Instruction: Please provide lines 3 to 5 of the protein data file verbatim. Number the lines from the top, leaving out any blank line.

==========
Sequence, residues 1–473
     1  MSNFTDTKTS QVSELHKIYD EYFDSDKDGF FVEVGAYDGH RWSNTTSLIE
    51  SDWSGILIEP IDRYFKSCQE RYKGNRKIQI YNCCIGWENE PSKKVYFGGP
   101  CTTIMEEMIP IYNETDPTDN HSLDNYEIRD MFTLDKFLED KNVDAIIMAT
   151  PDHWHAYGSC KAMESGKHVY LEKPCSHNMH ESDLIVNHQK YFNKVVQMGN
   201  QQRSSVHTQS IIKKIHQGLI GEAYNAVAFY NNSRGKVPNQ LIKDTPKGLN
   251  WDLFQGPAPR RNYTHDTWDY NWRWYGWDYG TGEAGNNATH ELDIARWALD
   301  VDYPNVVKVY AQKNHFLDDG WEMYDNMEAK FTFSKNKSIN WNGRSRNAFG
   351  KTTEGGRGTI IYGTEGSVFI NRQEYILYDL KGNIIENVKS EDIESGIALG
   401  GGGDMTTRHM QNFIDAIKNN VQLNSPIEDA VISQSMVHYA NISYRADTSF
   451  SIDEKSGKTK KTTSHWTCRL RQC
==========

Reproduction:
    51  SDWSGILIEP IDRYFKSCQE RYKGNRKIQI YNCCIGWENE PSKKVYFGGP
   101  CTTIMEEMIP IYNETDPTDN HSLDNYEIRD MFTLDKFLED KNVDAIIMAT
   151  PDHWHAYGSC KAMESGKHVY LEKPCSHNMH ESDLIVNHQK YFNKVVQMGN